Say a mackie onyx blackjack wouldn't be that better, but it would definitely be better.
I personally would rather get a duet and a serious improvement though.

You're on PC?
Audient id22 or SPL crimson.
They cost more than $300 even used though I reckon.
#8
Thanks for the info and all the previous replies spambot. My preamp has the s/pdif out on it. Is it possible to use that with a different interface? I think it can get higher signal quality 24bit/48k. I think the other out is 16bit or something.
#9
s/pdif is a digital data interface - conversion would still be done by the art pre.

You may get an interface with converters alone and use the pre's of the art pre, but I don't really have a high opinion of these either and rather than using the thing with a better interface with line inputs only I'd get a new interface altogether if I wanted to upgrade.
#10
But would the higher resolution or bit depth make a difference, since its only 16 normally but 24 for the spdif?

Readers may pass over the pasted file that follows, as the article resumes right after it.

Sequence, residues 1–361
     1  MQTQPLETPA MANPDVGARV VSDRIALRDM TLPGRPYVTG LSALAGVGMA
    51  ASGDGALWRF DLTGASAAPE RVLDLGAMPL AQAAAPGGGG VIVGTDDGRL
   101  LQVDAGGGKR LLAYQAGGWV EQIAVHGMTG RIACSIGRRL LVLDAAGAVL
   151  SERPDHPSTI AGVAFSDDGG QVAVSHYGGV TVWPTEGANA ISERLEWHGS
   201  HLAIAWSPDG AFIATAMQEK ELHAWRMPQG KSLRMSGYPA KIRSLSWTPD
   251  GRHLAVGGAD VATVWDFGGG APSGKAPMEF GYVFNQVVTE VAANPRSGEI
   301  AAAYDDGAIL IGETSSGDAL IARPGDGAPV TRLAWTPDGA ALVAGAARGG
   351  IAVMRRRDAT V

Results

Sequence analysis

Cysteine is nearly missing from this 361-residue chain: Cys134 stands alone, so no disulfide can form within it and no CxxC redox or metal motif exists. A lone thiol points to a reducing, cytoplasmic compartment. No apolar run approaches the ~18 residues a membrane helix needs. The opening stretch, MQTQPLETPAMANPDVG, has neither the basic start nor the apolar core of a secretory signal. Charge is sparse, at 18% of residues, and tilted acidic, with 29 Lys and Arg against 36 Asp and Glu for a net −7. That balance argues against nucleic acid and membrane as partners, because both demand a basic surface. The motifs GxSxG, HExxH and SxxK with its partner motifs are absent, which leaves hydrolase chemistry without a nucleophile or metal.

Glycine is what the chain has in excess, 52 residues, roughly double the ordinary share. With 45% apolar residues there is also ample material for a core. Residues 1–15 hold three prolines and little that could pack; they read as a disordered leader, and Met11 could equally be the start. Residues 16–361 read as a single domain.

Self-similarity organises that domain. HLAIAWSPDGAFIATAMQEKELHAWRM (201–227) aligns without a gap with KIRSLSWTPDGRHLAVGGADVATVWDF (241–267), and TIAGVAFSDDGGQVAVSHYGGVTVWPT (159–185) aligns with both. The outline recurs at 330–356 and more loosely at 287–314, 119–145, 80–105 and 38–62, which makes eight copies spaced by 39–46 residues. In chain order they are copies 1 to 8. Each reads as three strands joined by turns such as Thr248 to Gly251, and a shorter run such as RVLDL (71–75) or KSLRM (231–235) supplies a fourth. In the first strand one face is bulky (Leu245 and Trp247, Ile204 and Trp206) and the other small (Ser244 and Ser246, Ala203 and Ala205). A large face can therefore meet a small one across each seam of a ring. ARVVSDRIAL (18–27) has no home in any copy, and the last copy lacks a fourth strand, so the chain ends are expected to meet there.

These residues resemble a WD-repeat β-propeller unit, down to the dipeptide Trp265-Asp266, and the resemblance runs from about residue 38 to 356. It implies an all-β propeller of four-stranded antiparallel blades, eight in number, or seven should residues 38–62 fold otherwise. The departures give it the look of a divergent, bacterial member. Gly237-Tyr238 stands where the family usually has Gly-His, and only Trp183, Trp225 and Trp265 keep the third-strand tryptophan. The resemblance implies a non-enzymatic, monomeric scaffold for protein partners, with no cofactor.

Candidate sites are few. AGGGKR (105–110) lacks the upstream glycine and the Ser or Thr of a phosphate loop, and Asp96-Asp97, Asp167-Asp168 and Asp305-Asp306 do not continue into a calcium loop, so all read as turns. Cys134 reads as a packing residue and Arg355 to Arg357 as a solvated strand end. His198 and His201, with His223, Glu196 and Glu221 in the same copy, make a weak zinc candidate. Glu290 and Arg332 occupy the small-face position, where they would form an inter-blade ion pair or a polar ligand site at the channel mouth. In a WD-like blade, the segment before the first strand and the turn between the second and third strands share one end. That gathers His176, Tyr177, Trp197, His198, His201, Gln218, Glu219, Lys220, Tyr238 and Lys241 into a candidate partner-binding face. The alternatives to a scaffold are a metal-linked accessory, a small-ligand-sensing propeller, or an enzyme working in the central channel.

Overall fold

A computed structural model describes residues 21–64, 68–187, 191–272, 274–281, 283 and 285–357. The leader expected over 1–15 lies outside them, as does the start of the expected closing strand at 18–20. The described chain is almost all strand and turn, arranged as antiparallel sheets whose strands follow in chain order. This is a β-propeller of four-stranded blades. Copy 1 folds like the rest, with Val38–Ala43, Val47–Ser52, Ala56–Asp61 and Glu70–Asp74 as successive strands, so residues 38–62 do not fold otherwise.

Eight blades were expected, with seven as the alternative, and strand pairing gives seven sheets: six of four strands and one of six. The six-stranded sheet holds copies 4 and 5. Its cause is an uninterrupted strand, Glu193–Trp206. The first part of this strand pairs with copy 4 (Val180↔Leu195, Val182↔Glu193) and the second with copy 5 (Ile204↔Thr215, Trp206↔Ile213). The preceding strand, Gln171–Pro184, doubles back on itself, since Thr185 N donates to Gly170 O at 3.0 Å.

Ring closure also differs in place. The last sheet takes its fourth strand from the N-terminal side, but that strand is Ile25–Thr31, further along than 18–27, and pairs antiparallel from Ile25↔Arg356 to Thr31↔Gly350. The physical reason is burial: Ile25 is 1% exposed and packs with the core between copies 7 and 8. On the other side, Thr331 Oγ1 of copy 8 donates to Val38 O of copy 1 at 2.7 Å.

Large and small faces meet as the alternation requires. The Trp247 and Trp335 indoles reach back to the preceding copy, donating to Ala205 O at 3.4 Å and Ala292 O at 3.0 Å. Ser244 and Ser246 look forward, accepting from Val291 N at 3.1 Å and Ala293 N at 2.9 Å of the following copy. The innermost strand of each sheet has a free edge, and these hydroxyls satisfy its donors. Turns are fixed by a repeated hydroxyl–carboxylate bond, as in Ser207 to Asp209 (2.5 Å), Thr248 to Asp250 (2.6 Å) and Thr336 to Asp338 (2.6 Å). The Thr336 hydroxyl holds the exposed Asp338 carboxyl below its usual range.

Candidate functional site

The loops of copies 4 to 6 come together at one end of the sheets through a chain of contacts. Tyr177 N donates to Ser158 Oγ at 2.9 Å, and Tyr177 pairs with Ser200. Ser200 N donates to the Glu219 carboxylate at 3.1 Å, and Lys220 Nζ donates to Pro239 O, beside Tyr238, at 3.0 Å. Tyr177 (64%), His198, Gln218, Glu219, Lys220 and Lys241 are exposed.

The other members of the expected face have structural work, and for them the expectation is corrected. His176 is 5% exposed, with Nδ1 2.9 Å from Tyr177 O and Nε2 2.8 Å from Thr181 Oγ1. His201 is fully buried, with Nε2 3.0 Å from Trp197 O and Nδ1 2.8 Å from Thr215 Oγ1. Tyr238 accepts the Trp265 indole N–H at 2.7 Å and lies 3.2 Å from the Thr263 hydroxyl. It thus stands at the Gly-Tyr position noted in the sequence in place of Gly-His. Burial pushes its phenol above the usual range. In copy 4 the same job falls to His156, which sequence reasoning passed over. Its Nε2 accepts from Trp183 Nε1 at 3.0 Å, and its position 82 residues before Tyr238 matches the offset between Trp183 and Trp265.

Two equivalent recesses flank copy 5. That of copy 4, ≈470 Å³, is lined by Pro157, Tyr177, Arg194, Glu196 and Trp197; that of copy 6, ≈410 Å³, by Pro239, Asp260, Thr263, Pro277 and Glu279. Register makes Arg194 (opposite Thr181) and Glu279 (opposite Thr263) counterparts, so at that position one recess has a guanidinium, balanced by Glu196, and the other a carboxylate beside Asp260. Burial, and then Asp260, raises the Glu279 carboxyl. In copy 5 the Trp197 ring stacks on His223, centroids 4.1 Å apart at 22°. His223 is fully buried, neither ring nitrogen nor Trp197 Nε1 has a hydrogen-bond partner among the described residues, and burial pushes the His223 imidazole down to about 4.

#11
Bit depth is the resolution, the other number is the sampling frequency.
I mean, even the sampling frequency is resolution in a sense, but in the tech sense only bit depth is resolution.

Anyway, the sound would still be that.

Higher resolution will get you more headroom, but I'm guessing the headroom of these converters isn't even close to 24bit headroom - 144dB, theoretically.

Higher sampling frequency will avoid aliasing, which is a form of distortion.
This is great if you wanna dive into the somehow tech stuff - http://recording.org/index.php?threads/oversampling-explained.48087/

Anyway, the sound will still be that of them pre's and them converters.